Fundamentālā analīze

Eurozone Embarks ON QE Venture

Late to the party, perhaps, but today sees the start of the Eurozone’s open ended quantitative easing programme (QE). It is anticipated that the ECB will pump at least €1.1trillion of new money into asset purchases over the next 18 months as it seeks to apply CPR to the quivering heart of the Eurozone economy.
The move was announced on 22/01/15 by ECB President, Mario Draghi and was set to commence in March. The medicine will be given to the patient at a rate of €60 billion per month and is slated to continue until September of next year – at the earliest.
The ECB QE programme has several goals one of which is to reverse deflation within the 19 member Eurozone bloc. It is anticipated that the move will bolster confidence about the fortunes of the bloc and it should move the Euro lower. However, the Euro has slipped from 1.2010 to the Dollar to stand at 1.1195 currently, since the start of the year and has dipped from € 1.2789 to €1.3788 to the Pound over the same period (and from a pegged value of €1 = CHF 1.20 to stand at €1.065 currently after the peg was officially ended) – falls of 7.3, 7.2 and 12.7% respectively. The declining value of the Euro ought to make Eurozone exports more competitive in importing markets. Time will tell if the market has already priced QE into the value of the single currency.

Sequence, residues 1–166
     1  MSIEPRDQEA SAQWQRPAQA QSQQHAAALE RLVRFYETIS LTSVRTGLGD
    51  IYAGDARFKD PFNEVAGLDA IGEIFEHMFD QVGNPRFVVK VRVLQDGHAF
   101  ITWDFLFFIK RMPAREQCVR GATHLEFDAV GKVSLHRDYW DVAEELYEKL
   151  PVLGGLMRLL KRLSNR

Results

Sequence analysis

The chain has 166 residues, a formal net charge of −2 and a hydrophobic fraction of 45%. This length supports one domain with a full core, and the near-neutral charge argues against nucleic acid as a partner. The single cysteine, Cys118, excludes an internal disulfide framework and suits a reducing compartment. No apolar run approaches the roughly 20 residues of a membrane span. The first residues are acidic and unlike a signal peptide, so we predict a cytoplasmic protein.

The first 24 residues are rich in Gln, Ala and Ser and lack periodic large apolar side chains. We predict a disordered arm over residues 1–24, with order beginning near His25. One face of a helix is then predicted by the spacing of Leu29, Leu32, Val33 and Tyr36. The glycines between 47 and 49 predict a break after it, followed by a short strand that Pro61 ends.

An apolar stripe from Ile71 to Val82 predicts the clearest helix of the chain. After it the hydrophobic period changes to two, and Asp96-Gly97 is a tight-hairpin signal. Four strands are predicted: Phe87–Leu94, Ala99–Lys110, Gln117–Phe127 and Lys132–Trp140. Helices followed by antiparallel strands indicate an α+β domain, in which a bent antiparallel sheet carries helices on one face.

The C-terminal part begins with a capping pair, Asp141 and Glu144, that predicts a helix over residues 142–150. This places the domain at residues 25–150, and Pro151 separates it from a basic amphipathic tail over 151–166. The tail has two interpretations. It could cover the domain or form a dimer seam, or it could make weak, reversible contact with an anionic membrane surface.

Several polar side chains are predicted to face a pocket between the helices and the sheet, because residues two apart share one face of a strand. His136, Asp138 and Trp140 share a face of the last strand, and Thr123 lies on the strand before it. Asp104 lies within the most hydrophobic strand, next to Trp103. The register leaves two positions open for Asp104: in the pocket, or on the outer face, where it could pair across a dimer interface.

Some of the new funds can be used to purchase private (i.e. non-sovereign) equities in a bid to unlock credit markets thereby improvising liquidity for loans to businesses. Only 20% of the funding will involve “risk sharing” with the lion’s share of the risk being taken by individual Eurozone central banks.
Mr Draghi was at pains to say that QE could improve the situation in Europe, but structural reforms were still needed to put the blocs recovery on a sustainable footing.
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